Then there’s the 90/10 rule I always abide by when feeding my dog. This means I only let him eat 10% of his food each day as a snack, with the remaining 90% being his vet-approved food.
Delving into this more, how much plain hummus is ok? I decided to look at the calorie levels in branded versions and seeing how that impacted by the size of the dog.
If we take two of the most popular breeds of dog, Labradors and French Bulldogs here’s what you find:
- Dogs should only eat 25 calories for each pound they weigh each day.
- Dogs should only have treats as 10% of their total daily food intake (the 90/10 rule).
When you then take the average adult weight of each of the dog’s I researched, here’s how many calories they should have a day:
- Average French Bulldog is 25 pounds: Should eat no more than 625 calories daily.
- Average Labrador is 70 pounds: Should eat no more than 1,750 calories daily.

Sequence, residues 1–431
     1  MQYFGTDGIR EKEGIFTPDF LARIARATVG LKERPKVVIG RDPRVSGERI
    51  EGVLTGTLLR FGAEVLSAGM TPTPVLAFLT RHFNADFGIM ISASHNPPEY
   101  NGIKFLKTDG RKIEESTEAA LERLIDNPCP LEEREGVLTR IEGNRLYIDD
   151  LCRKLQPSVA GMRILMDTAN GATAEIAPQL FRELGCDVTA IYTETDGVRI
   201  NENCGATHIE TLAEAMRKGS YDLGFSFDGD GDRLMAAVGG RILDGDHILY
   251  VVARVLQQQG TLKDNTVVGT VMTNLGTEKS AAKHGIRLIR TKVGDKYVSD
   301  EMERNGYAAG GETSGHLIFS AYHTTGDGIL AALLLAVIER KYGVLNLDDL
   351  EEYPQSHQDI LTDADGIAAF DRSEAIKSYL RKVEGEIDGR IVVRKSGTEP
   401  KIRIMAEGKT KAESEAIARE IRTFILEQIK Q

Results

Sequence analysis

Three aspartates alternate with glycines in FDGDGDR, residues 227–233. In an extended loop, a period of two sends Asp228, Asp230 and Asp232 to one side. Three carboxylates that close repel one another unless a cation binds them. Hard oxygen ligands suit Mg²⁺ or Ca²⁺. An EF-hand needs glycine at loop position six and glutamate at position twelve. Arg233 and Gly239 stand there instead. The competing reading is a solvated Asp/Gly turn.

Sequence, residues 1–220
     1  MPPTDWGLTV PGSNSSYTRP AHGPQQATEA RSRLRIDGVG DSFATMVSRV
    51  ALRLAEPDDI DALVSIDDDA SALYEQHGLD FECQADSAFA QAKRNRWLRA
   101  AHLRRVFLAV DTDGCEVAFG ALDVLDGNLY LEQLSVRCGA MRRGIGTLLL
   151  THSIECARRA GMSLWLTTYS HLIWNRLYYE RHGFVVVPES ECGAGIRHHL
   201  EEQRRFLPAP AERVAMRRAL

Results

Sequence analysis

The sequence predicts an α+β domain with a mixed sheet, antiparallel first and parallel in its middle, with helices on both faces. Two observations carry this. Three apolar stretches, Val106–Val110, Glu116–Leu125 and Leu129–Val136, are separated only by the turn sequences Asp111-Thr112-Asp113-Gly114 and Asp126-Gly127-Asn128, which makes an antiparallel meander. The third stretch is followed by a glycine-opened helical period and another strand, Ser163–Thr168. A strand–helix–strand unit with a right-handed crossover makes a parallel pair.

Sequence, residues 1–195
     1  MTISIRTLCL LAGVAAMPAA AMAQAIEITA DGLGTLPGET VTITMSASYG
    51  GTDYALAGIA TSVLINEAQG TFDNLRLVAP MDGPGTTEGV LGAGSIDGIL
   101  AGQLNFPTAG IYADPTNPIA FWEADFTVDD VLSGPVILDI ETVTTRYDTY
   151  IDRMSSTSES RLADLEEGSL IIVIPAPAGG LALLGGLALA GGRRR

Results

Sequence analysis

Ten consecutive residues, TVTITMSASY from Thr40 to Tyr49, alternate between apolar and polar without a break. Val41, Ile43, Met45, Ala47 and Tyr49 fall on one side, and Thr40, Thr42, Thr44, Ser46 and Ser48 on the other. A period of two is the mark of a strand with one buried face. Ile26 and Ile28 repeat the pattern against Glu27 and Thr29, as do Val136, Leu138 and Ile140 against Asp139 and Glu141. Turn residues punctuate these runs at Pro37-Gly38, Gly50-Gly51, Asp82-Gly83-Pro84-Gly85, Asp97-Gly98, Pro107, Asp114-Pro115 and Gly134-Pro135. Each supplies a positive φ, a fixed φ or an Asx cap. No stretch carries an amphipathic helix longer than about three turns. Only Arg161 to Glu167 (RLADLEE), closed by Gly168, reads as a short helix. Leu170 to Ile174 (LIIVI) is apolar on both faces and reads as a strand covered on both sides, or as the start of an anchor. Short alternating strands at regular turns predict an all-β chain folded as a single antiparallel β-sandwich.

Each dog is at the opposite side of the weight range, so should give you an idea on what your own dog’s daily calories should be… particularly when considering hummus.
Below are 4 of the best-selling plain hummus varieties and how many calories is in a serving.
- Sabra classic humus (70 calories in a serving):2% French Bulldog / 4% Labrador daily intake.
- Ziyad plain humus (35 calories in a serving):6% French Bulldog / 2% Labrador daily intake.
Can dogs eat Sabra hummus?
I would not let my dog eat Sabra hummus. The brand ingredients are listed as:
Sabra Hummus ingredients: Cooked chickpeas, water, tahini (ground sesame), non-GMO soybean oil, garlic, salt, non-GMO citric acid, potassium sorbate.
Two things on this ingredients list scream out at me; the garlic and salt – neither are good for dogs to eat.